Has this group made a difference in peace and understanding around the world?  If we read the newspaper it might imply that we have not made a dent.  I agree with Richard Ginell's review in the LA Times.  He said, "This concert was ranked as one of the most fun." The Bowl looked totally sold out, the attendees were diverse, enthusiastic and totally into the music.  It was eclectic, energetic, joyous and memorable for a wonderful hot August night in Los Angeles.

Published by: Sherry Benjamins in Communication, Uncategorized
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April 20, 2016 - No Comments!

April Newsletter 2016 – Catching up with Chip Conley, Futurist for Airbnb

Chip Conley Head ShotHotel guru. Armchair psychologist. Traveling philosopher. Author. Speaker. Teacher. Student. Chip Conley has lived out more than one calling in his lifetime. Many of you know of Chip from his best-selling leadership books and TED talks. He is an inspirational entrepreneur and the founder and former CEO of Joie de Vivre hotel group. During his nearly 24 years as CEO, he grew the company to become the second largest boutique hotel company in America. After selling the company, he joined Airbnb in 2013 as Head of Global Hospitality and Strategy to share his hospitality methods with hosts in nearly 200 countries.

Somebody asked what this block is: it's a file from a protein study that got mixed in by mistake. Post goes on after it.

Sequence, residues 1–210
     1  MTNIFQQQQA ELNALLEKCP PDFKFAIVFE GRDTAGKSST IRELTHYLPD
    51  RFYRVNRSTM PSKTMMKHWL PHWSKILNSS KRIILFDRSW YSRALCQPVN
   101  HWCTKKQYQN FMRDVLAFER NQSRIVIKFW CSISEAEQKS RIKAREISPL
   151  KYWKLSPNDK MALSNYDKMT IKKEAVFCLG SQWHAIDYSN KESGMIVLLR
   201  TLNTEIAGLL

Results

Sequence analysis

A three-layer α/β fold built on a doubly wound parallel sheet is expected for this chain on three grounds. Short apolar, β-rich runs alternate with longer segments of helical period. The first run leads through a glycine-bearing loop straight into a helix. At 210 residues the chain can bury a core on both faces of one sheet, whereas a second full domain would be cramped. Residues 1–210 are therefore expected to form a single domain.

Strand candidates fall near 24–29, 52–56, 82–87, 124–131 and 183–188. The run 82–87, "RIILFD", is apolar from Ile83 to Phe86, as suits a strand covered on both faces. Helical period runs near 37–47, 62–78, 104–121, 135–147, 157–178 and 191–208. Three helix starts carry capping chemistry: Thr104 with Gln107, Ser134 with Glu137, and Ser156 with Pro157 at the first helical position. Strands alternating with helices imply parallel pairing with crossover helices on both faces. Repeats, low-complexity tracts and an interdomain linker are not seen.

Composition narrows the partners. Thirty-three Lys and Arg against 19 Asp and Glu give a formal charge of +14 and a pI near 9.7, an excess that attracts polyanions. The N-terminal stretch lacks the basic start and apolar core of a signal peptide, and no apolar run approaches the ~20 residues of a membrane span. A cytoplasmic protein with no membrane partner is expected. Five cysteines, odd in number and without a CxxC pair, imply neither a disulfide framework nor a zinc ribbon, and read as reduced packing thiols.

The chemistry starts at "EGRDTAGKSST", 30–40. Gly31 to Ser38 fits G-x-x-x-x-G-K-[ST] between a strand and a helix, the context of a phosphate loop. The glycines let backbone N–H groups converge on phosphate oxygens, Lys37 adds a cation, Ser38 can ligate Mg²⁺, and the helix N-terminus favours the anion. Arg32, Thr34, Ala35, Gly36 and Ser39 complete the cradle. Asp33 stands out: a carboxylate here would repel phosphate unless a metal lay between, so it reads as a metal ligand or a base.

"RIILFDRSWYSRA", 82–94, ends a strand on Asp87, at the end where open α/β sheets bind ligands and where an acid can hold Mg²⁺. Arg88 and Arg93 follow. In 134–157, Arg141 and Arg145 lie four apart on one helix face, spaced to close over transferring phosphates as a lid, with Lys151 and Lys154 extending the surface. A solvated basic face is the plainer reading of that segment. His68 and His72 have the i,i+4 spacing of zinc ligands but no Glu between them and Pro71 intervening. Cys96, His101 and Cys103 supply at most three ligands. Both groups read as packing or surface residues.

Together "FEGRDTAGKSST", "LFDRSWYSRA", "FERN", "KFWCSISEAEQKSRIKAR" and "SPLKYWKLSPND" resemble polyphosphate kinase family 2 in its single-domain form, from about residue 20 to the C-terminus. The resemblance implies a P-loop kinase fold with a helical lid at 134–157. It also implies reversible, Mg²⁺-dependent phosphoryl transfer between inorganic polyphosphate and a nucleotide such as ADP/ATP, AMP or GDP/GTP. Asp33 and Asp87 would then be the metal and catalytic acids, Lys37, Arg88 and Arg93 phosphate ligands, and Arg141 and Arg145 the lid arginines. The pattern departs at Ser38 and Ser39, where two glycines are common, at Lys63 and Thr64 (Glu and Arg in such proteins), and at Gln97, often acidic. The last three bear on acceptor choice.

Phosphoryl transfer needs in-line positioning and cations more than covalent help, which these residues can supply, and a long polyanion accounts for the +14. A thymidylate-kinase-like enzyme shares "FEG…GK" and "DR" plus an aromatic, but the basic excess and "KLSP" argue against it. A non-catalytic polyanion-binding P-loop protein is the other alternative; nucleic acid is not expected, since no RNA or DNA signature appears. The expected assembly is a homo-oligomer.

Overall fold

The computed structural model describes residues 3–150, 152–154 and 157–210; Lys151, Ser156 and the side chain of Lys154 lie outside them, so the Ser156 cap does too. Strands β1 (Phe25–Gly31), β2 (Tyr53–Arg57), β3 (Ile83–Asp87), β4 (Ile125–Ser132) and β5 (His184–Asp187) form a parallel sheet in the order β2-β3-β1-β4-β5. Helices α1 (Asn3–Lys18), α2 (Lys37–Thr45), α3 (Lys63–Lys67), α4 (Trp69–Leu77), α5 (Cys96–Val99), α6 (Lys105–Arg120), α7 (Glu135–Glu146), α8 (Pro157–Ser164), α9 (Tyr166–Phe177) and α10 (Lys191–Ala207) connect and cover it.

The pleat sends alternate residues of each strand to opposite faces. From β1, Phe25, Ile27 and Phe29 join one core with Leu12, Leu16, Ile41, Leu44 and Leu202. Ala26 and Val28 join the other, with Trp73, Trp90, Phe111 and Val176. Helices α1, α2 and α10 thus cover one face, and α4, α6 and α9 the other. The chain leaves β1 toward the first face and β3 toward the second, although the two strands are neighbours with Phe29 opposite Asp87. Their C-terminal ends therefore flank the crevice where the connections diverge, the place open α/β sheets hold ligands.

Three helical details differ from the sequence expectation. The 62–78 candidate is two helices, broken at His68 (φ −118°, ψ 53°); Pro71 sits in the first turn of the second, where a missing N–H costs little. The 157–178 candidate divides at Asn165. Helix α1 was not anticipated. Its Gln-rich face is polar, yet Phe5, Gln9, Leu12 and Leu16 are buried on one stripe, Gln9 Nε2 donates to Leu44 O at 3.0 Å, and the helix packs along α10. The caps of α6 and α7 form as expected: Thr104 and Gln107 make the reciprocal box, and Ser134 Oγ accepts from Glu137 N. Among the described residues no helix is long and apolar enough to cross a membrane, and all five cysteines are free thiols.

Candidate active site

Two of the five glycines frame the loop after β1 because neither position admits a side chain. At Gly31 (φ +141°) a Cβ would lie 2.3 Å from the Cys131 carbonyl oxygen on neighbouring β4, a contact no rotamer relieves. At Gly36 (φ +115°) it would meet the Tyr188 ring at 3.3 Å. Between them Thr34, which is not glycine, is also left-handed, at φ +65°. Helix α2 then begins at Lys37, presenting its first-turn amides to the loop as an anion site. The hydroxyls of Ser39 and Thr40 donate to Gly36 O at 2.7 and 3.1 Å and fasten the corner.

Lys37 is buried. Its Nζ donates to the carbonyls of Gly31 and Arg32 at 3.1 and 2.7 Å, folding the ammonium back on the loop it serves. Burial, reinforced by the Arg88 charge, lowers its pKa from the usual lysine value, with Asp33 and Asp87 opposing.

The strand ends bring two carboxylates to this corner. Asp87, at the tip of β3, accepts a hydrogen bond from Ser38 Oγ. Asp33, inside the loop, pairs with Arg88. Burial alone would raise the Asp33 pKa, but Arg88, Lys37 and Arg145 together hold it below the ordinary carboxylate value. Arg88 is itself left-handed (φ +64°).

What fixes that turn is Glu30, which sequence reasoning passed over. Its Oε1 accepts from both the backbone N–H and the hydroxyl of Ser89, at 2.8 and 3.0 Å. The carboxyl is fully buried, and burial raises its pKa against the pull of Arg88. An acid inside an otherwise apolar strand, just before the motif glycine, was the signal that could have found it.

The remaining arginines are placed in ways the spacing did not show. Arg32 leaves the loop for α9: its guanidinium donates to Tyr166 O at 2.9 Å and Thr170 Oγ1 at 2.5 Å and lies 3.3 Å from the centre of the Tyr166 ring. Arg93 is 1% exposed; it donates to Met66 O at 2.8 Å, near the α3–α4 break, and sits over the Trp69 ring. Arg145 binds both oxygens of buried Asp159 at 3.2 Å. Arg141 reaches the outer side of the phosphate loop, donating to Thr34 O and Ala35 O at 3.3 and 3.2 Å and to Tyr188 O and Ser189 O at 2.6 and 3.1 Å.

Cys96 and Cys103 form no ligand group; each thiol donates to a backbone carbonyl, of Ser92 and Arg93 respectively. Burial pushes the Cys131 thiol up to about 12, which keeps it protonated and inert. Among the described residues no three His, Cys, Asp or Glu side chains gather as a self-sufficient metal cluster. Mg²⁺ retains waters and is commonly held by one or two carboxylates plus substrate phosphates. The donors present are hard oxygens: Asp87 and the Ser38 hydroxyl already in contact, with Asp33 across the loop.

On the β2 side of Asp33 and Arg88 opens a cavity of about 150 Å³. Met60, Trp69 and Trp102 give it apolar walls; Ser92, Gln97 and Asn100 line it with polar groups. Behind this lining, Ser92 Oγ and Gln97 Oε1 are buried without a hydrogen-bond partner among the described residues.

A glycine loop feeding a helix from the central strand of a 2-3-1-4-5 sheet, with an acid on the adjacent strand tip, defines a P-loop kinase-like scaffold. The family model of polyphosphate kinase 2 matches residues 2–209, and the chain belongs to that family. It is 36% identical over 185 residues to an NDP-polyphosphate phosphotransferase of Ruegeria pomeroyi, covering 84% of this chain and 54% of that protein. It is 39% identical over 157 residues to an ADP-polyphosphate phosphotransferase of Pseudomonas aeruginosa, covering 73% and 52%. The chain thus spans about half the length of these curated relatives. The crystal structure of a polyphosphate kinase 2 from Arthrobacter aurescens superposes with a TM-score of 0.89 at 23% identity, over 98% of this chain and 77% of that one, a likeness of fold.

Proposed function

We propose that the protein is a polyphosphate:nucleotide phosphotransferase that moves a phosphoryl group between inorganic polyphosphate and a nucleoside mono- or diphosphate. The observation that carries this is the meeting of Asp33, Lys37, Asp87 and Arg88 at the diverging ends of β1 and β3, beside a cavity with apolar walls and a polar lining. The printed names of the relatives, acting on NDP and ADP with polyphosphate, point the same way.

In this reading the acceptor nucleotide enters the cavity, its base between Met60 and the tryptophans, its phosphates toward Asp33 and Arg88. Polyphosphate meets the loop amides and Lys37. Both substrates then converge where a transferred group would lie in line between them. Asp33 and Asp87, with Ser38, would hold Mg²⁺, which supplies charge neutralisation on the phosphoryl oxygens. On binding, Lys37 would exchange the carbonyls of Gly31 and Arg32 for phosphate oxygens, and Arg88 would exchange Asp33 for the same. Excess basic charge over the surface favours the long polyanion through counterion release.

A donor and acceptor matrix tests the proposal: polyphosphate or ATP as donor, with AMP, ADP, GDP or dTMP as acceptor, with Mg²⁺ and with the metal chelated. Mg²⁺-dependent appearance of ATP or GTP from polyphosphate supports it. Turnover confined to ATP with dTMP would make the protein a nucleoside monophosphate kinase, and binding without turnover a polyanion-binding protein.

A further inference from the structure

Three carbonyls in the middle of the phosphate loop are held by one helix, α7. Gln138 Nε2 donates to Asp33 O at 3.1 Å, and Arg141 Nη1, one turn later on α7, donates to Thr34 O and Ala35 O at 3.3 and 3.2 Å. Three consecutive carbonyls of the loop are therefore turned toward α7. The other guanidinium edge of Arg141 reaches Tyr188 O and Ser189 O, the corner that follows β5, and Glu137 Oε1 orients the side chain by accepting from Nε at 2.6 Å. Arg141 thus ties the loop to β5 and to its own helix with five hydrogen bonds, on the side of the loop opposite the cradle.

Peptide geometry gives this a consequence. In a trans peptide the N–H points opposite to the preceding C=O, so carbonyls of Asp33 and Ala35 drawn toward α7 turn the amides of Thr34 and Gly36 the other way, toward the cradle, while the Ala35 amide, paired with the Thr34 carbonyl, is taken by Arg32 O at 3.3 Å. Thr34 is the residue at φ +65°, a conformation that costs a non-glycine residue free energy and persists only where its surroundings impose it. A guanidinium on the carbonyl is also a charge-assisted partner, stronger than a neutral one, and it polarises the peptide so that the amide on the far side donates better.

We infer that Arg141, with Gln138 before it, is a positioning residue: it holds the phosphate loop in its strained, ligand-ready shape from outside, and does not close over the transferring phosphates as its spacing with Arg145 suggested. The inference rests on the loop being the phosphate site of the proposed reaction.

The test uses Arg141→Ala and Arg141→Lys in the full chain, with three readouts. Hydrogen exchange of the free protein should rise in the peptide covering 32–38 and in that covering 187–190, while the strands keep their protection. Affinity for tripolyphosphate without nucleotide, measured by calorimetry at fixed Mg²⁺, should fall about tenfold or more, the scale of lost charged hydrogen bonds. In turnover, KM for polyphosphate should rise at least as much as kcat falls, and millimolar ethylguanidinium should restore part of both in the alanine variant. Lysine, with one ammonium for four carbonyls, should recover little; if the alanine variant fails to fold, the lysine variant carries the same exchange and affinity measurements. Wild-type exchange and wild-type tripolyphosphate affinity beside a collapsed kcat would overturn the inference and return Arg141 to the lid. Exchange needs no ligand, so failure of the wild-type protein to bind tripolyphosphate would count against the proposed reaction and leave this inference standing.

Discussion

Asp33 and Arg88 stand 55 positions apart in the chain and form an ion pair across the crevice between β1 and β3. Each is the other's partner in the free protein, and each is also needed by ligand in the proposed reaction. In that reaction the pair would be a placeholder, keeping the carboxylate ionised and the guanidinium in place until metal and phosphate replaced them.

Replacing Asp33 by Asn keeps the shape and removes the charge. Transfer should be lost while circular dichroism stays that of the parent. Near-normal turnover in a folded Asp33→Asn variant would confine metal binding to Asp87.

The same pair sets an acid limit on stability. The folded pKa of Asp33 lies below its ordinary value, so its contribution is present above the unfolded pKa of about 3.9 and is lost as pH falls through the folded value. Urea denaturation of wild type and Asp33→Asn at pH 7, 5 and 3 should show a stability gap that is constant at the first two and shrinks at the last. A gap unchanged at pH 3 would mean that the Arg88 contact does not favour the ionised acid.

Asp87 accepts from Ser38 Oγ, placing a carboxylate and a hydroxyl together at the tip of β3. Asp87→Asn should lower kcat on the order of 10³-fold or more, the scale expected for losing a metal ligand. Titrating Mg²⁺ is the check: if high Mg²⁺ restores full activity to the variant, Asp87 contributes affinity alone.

Earlier this month, I had the opportunity to speak with Chip about leadership and what fuels his passion within Airbnb.

SB: I just read your book Emotional Equations and immediately saw the power of practical strategies for leadership. Tell me more about your view on leadership today.

CC: Leaders are the emotional thermostats for the business. Whoever is the top dog conveys mood and tone. How they talk is amplified across the organization. It is contagious and sensed by employees.

Today, anxiety is the number one emotion felt across organizations. According to Abraham Maslow’s “psycho-hygiene”, we can sense stressors in our environments. People don’t do their best work in anxious circumstances and lack of confidence impacts our work. I’ve observed that the best companies allow for vulnerability and they consciously strive to build trust.

SB: Are you seeing leaders today that are more in touch with their authentic self?

CC: Yes, and I think there are influences working in our favor. There are more women in the workplace and with that there’s a better reading of the room and emotions. Secondly, coaches have become a normal part of leader development. We also offer feedback through multi-rater tools. And the issue of diversity is now part of the Board conversation. This adds to a CEO’s understanding of the environment and ultimately themselves.